News

New exhibition brings artists and scientists together to highlight ocean plastic pollution

The growing problem of plastic pollution in the world’s oceans will be highlighted in a new exhibition starting at IMAS this week.

Vanishing Point Unseen is the result of a collaboration between scientists and artists and features works in a range of media, including painting, photography, jewellery, woodwork, printmaking and sculpture.  The exhibition also includes a series of free public talks each Saturday, starting 7 October.

Following a successful first exhibition in 2015, the new Vanishing Point project focuses on the serious global environmental threat posed by microplastics.

Vanishing Point was established by renowned wildlife artist Katherine Cooper.  Mrs Cooper said the aim of the exhibition is to engage viewers through visual beauty and simplicity, leading them through a deeper story to raise awareness of the dangers of plastic in our marine environment.

Biologist Dr Heidi Auman, one of three scientists involved in the exhibition, said the collaboration between scientists and artists sprang from a concern about plastic pollution as well as a shared inquiry-based approach to questioning, understanding and explaining the way things are.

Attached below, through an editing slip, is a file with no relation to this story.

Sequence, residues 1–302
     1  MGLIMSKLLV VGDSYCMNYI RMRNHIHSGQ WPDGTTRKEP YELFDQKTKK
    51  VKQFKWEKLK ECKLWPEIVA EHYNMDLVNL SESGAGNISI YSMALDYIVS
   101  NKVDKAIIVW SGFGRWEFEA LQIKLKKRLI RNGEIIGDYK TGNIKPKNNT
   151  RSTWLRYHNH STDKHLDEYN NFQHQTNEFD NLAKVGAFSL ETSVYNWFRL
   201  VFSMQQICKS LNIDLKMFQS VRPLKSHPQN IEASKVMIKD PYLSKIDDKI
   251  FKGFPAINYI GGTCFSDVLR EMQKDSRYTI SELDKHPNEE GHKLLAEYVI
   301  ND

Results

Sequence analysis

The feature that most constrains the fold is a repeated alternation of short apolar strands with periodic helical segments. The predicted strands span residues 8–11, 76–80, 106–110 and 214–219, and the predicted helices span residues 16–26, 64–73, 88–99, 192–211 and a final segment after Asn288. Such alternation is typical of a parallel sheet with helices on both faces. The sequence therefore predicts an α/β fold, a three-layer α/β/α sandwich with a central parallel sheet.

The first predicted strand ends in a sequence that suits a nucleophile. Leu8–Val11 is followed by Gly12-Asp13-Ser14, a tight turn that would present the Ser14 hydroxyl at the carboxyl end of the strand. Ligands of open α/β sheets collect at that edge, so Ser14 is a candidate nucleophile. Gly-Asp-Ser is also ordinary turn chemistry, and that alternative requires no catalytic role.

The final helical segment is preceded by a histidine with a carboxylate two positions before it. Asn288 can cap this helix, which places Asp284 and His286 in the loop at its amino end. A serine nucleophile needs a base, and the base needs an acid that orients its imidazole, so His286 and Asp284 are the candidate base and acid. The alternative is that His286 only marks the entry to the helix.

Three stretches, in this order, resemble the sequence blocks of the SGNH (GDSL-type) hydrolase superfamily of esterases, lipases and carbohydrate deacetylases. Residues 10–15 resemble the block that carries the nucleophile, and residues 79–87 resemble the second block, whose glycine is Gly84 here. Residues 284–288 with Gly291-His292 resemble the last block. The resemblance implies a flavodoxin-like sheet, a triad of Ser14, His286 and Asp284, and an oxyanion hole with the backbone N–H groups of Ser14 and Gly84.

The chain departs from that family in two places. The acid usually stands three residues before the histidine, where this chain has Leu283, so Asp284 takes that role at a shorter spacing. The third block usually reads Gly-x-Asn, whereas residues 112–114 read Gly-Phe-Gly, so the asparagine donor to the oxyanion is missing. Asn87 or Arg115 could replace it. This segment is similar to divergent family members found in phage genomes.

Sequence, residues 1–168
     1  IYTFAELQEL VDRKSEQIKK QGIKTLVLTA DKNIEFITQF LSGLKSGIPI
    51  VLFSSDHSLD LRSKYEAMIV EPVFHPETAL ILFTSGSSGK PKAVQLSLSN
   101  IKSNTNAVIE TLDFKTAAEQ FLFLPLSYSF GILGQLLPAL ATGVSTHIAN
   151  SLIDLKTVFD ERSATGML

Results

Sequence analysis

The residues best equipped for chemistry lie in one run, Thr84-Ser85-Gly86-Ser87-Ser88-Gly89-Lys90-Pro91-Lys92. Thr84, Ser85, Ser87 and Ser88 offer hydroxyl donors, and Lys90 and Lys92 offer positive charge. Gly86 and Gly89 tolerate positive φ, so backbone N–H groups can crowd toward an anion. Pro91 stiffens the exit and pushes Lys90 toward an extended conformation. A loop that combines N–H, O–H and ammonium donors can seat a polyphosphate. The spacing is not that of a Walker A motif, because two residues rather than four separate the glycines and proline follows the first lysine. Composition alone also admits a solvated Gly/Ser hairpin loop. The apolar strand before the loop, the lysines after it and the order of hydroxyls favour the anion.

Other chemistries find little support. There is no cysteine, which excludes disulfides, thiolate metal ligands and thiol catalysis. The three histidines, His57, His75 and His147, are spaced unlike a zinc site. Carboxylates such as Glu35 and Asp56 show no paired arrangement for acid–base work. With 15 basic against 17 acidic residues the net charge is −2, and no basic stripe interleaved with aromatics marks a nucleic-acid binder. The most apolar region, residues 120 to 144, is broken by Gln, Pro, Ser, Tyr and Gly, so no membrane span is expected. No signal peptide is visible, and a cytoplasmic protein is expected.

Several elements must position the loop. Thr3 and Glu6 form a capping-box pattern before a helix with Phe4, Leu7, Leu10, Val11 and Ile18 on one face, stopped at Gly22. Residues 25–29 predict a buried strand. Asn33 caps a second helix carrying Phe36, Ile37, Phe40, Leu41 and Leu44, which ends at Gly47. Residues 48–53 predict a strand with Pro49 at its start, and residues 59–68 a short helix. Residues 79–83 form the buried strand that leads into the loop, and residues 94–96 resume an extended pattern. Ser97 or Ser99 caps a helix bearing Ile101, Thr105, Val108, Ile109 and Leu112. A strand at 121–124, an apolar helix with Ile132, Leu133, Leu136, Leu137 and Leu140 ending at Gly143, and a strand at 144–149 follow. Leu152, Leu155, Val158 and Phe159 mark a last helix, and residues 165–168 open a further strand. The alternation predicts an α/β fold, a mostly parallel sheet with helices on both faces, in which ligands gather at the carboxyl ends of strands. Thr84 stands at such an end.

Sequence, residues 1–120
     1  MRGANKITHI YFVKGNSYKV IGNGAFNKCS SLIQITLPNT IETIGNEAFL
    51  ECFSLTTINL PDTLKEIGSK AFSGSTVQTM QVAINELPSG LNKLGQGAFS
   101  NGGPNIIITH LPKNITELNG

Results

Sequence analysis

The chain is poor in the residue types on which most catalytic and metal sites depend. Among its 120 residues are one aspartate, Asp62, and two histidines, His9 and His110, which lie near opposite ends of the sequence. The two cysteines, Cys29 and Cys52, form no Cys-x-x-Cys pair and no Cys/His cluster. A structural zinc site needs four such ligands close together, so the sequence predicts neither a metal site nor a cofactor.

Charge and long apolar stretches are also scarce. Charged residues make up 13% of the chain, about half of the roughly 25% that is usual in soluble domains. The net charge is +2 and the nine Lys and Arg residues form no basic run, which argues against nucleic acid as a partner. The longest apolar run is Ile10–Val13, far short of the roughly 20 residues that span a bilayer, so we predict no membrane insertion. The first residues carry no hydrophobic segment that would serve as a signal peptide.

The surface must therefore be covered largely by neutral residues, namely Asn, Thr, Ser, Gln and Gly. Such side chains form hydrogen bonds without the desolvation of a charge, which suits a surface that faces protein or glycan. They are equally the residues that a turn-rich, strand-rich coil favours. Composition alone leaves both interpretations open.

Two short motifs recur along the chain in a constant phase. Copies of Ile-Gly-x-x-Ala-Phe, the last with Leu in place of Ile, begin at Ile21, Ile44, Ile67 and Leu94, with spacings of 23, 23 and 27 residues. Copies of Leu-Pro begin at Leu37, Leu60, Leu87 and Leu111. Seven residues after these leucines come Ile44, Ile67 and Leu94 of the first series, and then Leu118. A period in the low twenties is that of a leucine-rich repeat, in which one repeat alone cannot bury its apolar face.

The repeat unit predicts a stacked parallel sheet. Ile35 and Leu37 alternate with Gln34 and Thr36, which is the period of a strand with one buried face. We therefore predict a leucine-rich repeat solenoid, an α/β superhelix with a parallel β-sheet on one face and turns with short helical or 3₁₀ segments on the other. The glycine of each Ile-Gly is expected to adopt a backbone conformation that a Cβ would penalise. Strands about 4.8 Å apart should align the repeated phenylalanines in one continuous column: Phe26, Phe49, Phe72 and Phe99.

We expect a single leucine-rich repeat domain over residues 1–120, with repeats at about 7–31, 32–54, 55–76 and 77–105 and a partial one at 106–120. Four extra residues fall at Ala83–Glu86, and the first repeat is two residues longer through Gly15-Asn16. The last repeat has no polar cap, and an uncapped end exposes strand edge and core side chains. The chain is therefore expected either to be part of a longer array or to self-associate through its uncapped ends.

“While plastic pollution on our beaches is obvious, microplastics in the ocean are often invisible.

“Our marine systems and food chains are increasingly being invaded by micro-beads from personal care products, micro-fibres in synthetic clothing, and tiny fragments derived from the breakdown of larger debris.

“By raising awareness of the problem we can work together to find solutions, including simple measures such as reducing our use of plastics and recycling those we do use,” Dr Auman said.

As well as Dr Auman the team behind ‘Vanishing Point’ also includes scientists Dr Frederique Olivier and Associate Professor Patti Virtue, and artists Sophie Carnell, Di Masters, Toby Muir Wilson, Peter Walsh, Gerhard Mausz and Katherine Cooper.

Vanishing Point Unseen opens on Friday 6 October and runs until 25 November, and can be viewed 9am-5pm Monday to Friday in the IMAS Exhibition Space, 20 Castray Esplanade, Hobart.

The first free public talk is on Saturday 7 October at 10am and will be by Dr Denise Hardesty - winner of the 2016 Eureka Prize for Environmental Research. Her talk is titled ‘Our coast, our plastic, our problem, our solution’.

Authorised by the Executive Director, Institute for Marine and Antarctic Studies
October 3, 2017